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It’s that time of year again folks! It’s harvest season for pick your own strawberries here in Michigan, and blueberry season isn’t far behind. Wouldn’t you rather pick local, organically grown berries for a fraction of the cost of store bought berries from who-knows-where?
Good, me too. First, go to PickYourOwn.org to find local, organic fruit growers. Second, get your lazy but off the couch and go pick some fruit.
Why pick local fresh fruit?
There are many good reasons to pick your own fruit. Here are a few.
- It saves you money. In most cases, picking fresh fruit is far cheaper than buying fruit at the store… Even if you’re picking organic fruit. Why? Because picking your own cuts out a whole laundry list of middlemen. When you pick your own, there are no picking costs, distribution costs, processing costs, or store stocking and markup costs.
- It’s better for you. Picking ripe, organic fruit fresh from the plant is far higher is nutritional value than fruit grown on factory farms (Del Monte, etc.). Conventionally-grown fruit is normally sprayed and fertilized with chemicals, picked before it is ripe, shipped across the country, ripened artificially, and covered in a waxy coating. The secret is also in the soil. Most small scale, local, organic farmers nurture their soil because they know that better soil means better crops.
- It tastes better. How do I know? Because this skeptic has compared the two. Don’t believe me? Go to a local organic farm and pick some strawberries. Now go to the store and buy some conventionally-grown strawberries (which will most likely be from out of state). Do a simple taste test, compare costs, and decide for yourself.
Why not just grow fruit?
Well, you can… But most fruit plants aren’t like tomato plants. You can’t just plant them in the spring and reap the bounty a few months later.
If you have the time, space, a plan, and the desire to do so, then growing your own may be just what the doctor ordered. However, many fruit plants require a lot of real estate and several years to mature and produce.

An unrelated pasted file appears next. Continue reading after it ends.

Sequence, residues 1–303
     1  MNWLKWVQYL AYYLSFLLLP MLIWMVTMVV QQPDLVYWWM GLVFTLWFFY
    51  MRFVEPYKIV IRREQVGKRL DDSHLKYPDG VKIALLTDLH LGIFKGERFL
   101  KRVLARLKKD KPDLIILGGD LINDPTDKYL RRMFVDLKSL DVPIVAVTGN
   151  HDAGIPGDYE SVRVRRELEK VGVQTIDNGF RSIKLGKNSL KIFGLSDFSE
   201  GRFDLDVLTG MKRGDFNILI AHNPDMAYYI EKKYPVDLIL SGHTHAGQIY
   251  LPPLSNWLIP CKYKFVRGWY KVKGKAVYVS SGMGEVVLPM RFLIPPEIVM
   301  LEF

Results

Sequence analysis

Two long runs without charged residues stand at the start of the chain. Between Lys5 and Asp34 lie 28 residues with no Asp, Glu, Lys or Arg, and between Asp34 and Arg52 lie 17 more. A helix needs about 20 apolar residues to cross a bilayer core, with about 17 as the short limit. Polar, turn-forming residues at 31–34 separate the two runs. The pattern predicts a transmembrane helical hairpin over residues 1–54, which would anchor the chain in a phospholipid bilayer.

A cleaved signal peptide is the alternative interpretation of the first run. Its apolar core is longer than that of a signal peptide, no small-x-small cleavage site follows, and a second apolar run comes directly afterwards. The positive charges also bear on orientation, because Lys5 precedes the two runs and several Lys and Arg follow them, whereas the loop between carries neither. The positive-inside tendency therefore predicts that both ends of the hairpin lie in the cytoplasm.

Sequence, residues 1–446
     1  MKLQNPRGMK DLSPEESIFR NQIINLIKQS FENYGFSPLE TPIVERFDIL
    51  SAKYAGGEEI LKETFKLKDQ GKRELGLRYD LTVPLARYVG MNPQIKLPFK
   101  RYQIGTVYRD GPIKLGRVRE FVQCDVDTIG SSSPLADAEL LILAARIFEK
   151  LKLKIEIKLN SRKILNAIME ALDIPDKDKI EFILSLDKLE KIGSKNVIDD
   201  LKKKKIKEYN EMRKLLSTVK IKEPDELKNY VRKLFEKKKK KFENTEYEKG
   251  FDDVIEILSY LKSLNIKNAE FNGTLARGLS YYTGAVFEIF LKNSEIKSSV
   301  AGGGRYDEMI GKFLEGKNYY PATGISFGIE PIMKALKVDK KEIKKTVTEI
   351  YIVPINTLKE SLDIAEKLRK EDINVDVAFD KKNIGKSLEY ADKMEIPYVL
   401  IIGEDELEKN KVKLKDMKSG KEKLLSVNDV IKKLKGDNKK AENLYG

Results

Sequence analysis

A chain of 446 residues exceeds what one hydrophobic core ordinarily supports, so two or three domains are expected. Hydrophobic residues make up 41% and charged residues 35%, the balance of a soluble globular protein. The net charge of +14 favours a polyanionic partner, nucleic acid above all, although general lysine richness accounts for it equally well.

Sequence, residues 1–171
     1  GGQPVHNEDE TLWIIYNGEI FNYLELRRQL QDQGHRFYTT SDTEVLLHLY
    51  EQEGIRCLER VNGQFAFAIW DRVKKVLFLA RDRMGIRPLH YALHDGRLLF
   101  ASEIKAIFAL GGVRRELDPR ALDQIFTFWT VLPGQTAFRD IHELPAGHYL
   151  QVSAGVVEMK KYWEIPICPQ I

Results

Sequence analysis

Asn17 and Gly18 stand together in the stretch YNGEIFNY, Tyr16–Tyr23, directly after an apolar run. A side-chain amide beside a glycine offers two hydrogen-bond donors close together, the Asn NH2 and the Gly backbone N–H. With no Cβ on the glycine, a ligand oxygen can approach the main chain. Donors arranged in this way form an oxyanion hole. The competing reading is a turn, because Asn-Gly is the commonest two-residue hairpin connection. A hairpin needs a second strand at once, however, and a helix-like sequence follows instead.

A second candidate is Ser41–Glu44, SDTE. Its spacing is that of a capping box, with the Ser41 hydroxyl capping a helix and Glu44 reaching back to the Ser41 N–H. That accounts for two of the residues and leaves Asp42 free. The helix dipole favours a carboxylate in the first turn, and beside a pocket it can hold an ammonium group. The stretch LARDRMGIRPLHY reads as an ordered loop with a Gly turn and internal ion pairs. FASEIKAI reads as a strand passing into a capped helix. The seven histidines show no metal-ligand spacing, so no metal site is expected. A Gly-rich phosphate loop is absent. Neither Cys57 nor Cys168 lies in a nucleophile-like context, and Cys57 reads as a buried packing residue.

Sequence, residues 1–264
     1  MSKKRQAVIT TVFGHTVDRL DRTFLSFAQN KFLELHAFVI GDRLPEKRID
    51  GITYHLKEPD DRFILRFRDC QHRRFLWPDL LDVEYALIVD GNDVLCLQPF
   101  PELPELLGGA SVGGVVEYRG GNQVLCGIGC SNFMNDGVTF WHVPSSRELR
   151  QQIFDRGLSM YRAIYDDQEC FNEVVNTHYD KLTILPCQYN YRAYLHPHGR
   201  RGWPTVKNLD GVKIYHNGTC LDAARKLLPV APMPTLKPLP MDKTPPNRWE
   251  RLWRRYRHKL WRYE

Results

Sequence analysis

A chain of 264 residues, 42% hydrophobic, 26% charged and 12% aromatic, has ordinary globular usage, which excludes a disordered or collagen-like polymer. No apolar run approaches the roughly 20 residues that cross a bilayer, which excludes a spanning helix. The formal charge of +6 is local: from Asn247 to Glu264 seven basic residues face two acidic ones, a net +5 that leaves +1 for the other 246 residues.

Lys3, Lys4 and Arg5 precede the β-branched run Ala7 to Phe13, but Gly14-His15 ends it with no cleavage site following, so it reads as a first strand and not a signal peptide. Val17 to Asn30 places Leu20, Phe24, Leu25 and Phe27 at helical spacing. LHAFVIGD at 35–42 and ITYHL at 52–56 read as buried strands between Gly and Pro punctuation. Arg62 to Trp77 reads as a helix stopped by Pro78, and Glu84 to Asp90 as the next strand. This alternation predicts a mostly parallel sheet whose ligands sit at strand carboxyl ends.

If you would rather grow your own, and have the wherewithal to do so, then by all means – go for it! But for those of us who don’t have time or space, picking locally may can make more sense. It does for me and Mrs. Jabs.
More about the health benefits
Here is a great quote from the enormously popular and influential book, Healthy at 100: The Scientifically Proven Secrets of the World’s Healthiest and Longest-Lived Peoples:
And we can see that the diets of the world’s exceptionally healthy and long lived peoples have a great deal in common:
- They are all low (by Western standards) in overall calories.
- They are all high in good carbohydrates, including plenty of whole grains, vegetables, and fruits.
- They are all “whole-foods” diets, with very little (if any) processed or refined foods, sugars, corn syrup, preservatives, artificial flavors, or other chemicals.
- They all depend on fresh foods, eating primarily what is in season and locally grown rather than relying on canned foods or foods shipped long distances.
- They are all low (though not super-low) in fat, and the fats comes from natural sources, including seeds, nuts, and in some cases fish, rather than from bottled oils, margarine’s, or saturated animals fats.
- They all derive their protein primarily from plant sources, including beans, peas, whole grains, seeds, and nuts.
More about the benefits
My wife, who is enjoying her new found freedom of summer break, just picked 25.6 lbs of local, organic strawberries. The cost? $32.00. Those who do the math will see that we paid just $1.25/lb for produce that is far healthier and tastier than anything we could have purchased at our local Walmart.
Here is how we have used our berries so far:
- A homemade strawberry rhubarb crisp
- 10 jars of homemade strawberry jam
- 10 pounds into the deep freeze
- 5 pounds left fresh and whole for eating over the next week or two (my personal favorite!)
We’ll plan to use our frozen berries throughout the remainder of the year, and will probably end up picking another 10 or 20 pounds to make sure we have enough. We may also make some more jam to give away as homemade Christmas gifts, just when people are hankering for a taste of fresh, wholesome, strawberry jam.
What about you?
Do you pick your own fruit? Or maybe you grow your own fruit? Do you have any tips or tricks to share? Or do you think this whole idea is a complete waste of time? Please let us know in the comments.
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